We generally are up by seven a.m. Mostly because of the daylight, but also because we are “early to bed” as we have no electricity. It’s still a bit strange waking up in Ali’s room. In theory it is as large as our old, late lamented, master, but the configuration is quite different and there is not nearly as much “wardrobe space”. As our clothing has diminished by nearly half, and a lot of the rest may still be dumped, this is not the problem it might have been. We have had two dry nights in a row now which is nice as it means that my first job is not mopping up from the various leaks.

Elaine goes down to get breakfast ready as I finish my exercises. Can’t do all of these, as my back is still too bad. The plan for today includes going to (the private) Bougainvillea Clinic (aka “The Purple Palace”) to see a new doc. Fortunately with our new “National Health” programme most of the costs of this are covered. I then go to start the generator for our two hours of morning power. It starts and then stops. I try twice more. An oil pressure problem (says the onboard computer) which leads to a John and Elaine depression problem. The generator is really the heart of our existence at present. It’s four years old, but has always been “temperamental”. At $15,000 a pop we won’t be buying another. They just weren’t designed for continual use, I’m told. Christine and Kim have just purchased a small gas/petrol generator as their diesel one won’t work properly. I call Brian, our Zimbabwean generator guy, and a friend. His words do not make me feel good. But he will come around asap. The day is already into Plan B.

A few minutes later I get a call from Mark, one of our remaining Luck Hill renters, who is not paying rent for October as he is helping with the reconstruction. He is a bit “type A” and few people can reach his high standards. Including me. And virtually anyone else. He tells me tales of what the workers are doing, or rather not doing well enough, at Luck Hill. To be fair he is probably right, but this is not the First World, and sometimes you have to live with it. At least we have a worker there  --  an improvement over previous weeks. And I don’t want to scare them off. Whenever Mark calls I debate whether to answer the phone as it is usually not good news.

Our other two renters are moving out at the end of October. Despite the loss of income Elaine is pleased about this, for reasons I won’t, for legal reasons, put in an email. We are hoping to get a short-term replacement for them but no joy yet. As we have also lost Cane Cottage (literally) our income stream is a bit precarious. So it goes.

After Brian pitches up we are off downtown. We have to get insurance for Oran’s car, now it is our car. I’d forgotten about this and we have been driving it illegally. We have to get a new windscreen for our Jeep as well as a new passenger window. Probably not today as they will need ordering in. We have many black bags of what used to be clothing, to go to the dumpster. We have other bags for the Red Cross. We have some other clothes we are taking to a dry-cleaners for an opinion. As you will recall all of our clothes went walkabout (flyabout?) during Irma. If they landed in the wrong place and then spent soggy days there before recovery, they got stained. So can they be rejuvenated? -- we’ll see. My “summer suit” that was going to be worn at Ali’s wedding falls into this category. Well, the jacket does. We never found the trousers. We have lots of clothes that are 95% good, with one had stain in a very obvious place. I suppose downsizing does have some advantages.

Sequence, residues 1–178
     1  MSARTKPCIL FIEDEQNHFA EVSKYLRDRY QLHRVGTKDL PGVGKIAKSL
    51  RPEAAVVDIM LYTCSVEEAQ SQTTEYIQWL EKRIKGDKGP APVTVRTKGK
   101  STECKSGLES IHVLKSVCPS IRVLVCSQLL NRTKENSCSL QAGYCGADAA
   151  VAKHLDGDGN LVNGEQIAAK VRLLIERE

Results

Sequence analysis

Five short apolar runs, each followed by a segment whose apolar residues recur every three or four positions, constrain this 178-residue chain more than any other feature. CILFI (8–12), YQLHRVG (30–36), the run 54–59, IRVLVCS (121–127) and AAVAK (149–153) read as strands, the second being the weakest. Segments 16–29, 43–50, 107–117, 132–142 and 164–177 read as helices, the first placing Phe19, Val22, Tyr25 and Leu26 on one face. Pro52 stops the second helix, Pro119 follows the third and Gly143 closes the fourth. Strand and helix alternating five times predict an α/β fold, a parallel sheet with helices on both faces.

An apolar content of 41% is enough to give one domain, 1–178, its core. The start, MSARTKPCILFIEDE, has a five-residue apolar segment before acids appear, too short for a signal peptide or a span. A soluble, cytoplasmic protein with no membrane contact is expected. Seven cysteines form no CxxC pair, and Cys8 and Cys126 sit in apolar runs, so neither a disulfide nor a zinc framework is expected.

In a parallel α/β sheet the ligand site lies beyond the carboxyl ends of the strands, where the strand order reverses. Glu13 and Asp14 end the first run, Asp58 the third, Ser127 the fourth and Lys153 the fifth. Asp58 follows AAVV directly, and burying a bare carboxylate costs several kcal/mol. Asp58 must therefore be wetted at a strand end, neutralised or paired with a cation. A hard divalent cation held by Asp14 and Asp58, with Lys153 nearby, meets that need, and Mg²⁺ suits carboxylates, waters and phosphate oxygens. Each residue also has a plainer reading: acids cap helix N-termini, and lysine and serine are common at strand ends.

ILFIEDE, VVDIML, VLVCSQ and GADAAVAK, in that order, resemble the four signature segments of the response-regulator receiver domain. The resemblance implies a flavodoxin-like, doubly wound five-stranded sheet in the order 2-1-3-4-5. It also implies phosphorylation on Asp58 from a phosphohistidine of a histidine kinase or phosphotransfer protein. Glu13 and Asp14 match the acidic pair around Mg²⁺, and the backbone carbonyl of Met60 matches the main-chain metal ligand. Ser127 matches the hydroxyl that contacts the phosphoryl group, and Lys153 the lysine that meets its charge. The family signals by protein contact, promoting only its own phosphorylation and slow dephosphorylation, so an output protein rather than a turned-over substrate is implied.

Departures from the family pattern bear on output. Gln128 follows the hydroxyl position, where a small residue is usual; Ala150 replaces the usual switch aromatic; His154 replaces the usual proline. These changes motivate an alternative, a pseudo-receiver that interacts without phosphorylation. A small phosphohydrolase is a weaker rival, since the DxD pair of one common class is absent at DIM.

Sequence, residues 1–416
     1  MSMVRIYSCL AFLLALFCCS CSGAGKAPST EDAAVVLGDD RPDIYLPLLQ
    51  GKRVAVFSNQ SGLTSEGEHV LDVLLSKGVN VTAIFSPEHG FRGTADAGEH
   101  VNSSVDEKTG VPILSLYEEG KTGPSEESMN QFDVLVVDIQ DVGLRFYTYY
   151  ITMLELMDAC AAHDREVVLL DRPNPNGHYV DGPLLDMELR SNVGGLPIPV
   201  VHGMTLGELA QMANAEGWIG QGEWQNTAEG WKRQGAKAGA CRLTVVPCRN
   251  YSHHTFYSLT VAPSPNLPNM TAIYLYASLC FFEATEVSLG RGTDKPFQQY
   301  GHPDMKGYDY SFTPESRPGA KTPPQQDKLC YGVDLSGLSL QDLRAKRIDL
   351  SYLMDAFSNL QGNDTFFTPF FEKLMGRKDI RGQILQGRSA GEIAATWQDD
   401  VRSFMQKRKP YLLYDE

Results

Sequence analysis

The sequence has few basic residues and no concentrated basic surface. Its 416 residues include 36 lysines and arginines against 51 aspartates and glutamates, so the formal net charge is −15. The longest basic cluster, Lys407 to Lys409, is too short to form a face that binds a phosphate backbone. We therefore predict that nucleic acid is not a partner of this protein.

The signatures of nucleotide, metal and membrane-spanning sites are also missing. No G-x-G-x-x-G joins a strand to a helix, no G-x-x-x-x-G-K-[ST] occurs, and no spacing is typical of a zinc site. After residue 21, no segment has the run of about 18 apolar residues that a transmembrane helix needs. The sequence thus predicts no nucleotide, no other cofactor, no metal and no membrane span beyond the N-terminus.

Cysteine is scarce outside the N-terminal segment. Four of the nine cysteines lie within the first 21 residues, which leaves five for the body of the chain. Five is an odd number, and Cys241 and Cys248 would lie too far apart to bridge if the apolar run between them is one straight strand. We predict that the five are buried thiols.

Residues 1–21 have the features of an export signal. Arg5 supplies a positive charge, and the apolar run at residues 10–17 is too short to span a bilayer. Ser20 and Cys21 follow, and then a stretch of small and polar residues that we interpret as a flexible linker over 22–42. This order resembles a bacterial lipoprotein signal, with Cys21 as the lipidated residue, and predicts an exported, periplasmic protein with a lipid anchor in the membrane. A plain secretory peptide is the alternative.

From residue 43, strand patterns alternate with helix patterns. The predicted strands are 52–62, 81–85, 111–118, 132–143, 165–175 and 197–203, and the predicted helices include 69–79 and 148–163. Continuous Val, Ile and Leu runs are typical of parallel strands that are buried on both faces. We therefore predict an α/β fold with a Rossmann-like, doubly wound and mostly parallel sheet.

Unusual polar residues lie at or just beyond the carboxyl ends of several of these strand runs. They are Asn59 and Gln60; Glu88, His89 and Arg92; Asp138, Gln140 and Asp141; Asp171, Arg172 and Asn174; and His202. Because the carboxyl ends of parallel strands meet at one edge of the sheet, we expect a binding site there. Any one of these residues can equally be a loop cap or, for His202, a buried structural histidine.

I will also go to KRS, our mailing service that brings stuff from Yankeeland. My new glasses were on their way here (via US Mail) when Irma and Maria hit us and St. John (USVI). They have just reopened. Supposedly my specs were delivered a month ago. I am currently using very old ones as my previous best ones were lost during Irma. I am not confident.

We will also go by Riteway (food store) and Clarence Thomas and Drakes’ (hardware stores) to see what has pitched up lately. We also have to get more diesel for the generator-which-may-not-work. We also have to try to convince one company to go to Luck Hill to clean a couch, and another to clean some area rugs. Elaine has to go to Tortola Express and find out why her new laptop has disappeared en route to Tortola. Once again, I am short of confidence. They will probably feel the jobs are too small to bother.

When we return, if I have any energy left I will try to start cleaning up. It’s hard to get into this. When I have breakfast, I look out of the kitchen door at an area I call “Georges South”. It is across the Ridge Road from Georges North. There are some large belonger-owned apartments, and a big hill, that make up my view. I visualize my day as going to that hill and digging at it with a spoon until it is all gone. So far I have dug very little. There are a lot of people who think that many of the belongers will just abandon their apartments to the Banks. In the short run this would be good for us, when we try to rent our Luck Hill spaces. But in the long run a whole load of abandoned buildings around the island will not be good thing. Every silver lining has a cloud.